A. He told me that I don't have to worry I will have P6,000,000 advances.
Q. What was your protection as to the 6 million payment made by the
plaintiff?
A. That is the protection for me because during that time I have my bakery
and I myself [spent] 2 million for the improvement of that bakery and I
have sacrificed that for the sake of the offer of lease.
Q. In what manner that you are being protected for that 6 million pesos?
A. They said that if in case the bank will be closed that advance of
6 million pesos will be forfeited in my favor.
Q. And that is what is found in paragraph 24 of the Contract of Lease
which I asked you to read?
A. That is true . 44
Clearly, the closure of respondent's business was not an unforeseen event. As
the lease was long-term, it was not lost on the parties that such an eventuality might
occur, as it was in fact covered by the terms of their Contract. Besides, as We have
previously discussed, the event was not independent of respondent's will.
The forfeiture clause in the Contract
is penal in nature.
Petitioners claim that paragraph 24 was not intended as a penal clause. They add
that respondent has not even presented any proof of that intent. It was, therefore, a
reversible error on the part of the CA to construe its forfeiture provision of the Contract
as penal in nature.
It is settled that a provision is a penal clause if it calls for the forfeiture of any
remaining deposit still in the possession of the lessor, without prejudice to any other
obligation still owing, in the event of the termination or cancellation of the agreement by
reason of the lessee's violation of any of the terms and conditions thereof. This kind of
agreement may be validly entered into by the parties. The clause is an accessory
obligation meant to ensure the performance of the principal obligation by imposing on
the debtor a special prestation in case of nonperformance or inadequate performance
of the principal obligation. 45
It is evident from the above-quoted testimony of Jaime Poon that the stipulation
on the forfeiture of advance rentals under paragraph 24 is a penal clause in the sense
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that it provides for liquidated damages.
Notably, paragraph 5 of the Contract also provides:
5. It is hereby stipulated that should the leased property be
foreclosed by PCI Bank or any other banking or nancial institution, all unused
rentals shall be returned by the LESSOR to the LESSEE; . . . . 46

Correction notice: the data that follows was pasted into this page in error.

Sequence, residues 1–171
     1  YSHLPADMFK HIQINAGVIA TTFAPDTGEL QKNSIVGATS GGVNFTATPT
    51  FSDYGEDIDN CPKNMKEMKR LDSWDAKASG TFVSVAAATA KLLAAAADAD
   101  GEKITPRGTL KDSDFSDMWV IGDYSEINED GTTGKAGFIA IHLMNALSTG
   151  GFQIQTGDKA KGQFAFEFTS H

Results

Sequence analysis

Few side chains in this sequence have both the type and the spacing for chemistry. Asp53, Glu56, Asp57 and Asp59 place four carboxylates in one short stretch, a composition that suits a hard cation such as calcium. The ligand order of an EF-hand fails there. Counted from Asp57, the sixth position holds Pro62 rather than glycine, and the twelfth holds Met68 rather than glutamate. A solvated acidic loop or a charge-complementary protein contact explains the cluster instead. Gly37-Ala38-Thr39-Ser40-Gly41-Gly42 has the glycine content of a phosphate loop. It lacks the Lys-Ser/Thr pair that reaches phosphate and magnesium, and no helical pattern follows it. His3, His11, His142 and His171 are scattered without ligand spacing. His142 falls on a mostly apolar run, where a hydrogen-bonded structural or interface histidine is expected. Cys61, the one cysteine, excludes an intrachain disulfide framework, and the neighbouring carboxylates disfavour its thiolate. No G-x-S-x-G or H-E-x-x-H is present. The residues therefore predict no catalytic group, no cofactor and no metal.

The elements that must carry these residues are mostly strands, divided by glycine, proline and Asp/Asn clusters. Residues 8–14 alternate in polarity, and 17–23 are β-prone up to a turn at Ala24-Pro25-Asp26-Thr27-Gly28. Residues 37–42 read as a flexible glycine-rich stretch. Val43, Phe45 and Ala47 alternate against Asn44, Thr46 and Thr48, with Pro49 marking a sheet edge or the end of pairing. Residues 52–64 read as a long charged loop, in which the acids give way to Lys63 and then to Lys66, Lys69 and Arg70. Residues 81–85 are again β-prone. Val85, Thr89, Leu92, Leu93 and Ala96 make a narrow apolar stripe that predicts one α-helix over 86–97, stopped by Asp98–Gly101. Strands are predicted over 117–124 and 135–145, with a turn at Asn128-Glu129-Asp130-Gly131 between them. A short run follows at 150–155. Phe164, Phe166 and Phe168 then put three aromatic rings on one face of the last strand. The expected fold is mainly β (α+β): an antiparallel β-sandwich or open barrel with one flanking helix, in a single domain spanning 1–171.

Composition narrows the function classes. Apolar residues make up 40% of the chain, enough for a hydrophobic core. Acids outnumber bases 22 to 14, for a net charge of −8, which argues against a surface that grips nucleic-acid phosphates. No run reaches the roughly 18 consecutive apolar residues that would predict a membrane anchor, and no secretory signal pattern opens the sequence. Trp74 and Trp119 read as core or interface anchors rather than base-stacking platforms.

In effect, the penalty for the premature termination of the Contract works both
ways. As the CA correctly found, the penalty was to compel respondent to complete
the 10-year term of the lease. Petitioners, too, were similarly obliged to ensure the
peaceful use of their building by respondent for the entire duration of the lease under
pain of losing the remaining advance rentals paid by the latter. TIADCc

The forfeiture clauses of the Contract, therefore, served the two functions of a
penal clause, i.e., (1) to provide for liquidated damages and (2) to strengthen the
coercive force of the obligation by the threat of greater responsibility in case of breach.
47 As the CA correctly found, the prestation secured by those clauses was the parties'
mutual obligation to observe the xed term of the lease. For this reason, We sustain the
lower courts' nding that the forfeiture clause in paragraph 24 is a penal clause, even if
it is not expressly labelled as such.
A reduction of the penalty agreed
upon by the parties is warranted
under Article 1129 of the Civil Code.
We have no reason to doubt that the forfeiture provisions of the Contract were
deliberately and intelligently crafted. Under Article 1196 of the Civil Code, 48 the period
of the lease contract is deemed to have been set for the bene t of both parties. Its
continuance, effectivity or ful llment cannot be made to depend exclusively upon the
free and uncontrolled choice of just one party. 49 Petitioners and respondent freely and
knowingly committed themselves to respecting the lease period, such that a breach by
either party would result in the forfeiture of the remaining advance rentals in favor of
the aggrieved party.
If this were an ordinary contest of rights of private contracting parties,
respondent lessee would be obligated to abide by its commitment to petitioners. The
general rule is that courts have no power to ease the burden of obligations voluntarily
assumed by parties, just because things did not turn out as expected at the inception of
the contract. 50
It must be noted, however, that this case was initiated by the PDIC in furtherance
of its statutory role as the duciary of Prime Savings Bank. 51 As the state-appointed
receiver and liquidator, the PDIC is mandated to recover and conserve the assets of the
foreclosed bank on behalf of the latter's depositors and creditors. 52 In other words, at
stake in this case are not just the rights of petitioners and the correlative liabilities of
respondent lessee. Over and above those rights and liabilities is the interest of innocent
debtors and creditors of a delinquent bank establishment. These overriding
considerations justify the 50% reduction of the penalty agreed upon by petitioners and
respondent lessee in keeping with Article 1229 of the Civil Code, which provides:
Art. 1229. The judge shall equitably reduce the penalty when the principal
obligation has been partly or irregularly complied with by the debtor. Even if
there has been no performance, the penalty may also be reduced by the courts if
it is iniquitous or unconscionable.
The reasonableness of a penalty depends on the circumstances in each case,
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because what is iniquitous and unconscionable in one may be totally just and equitable
in another. 53 In resolving this issue, courts may consider factors including but not
limited to the type, extent and purpose of the penalty; the nature of the obligation; the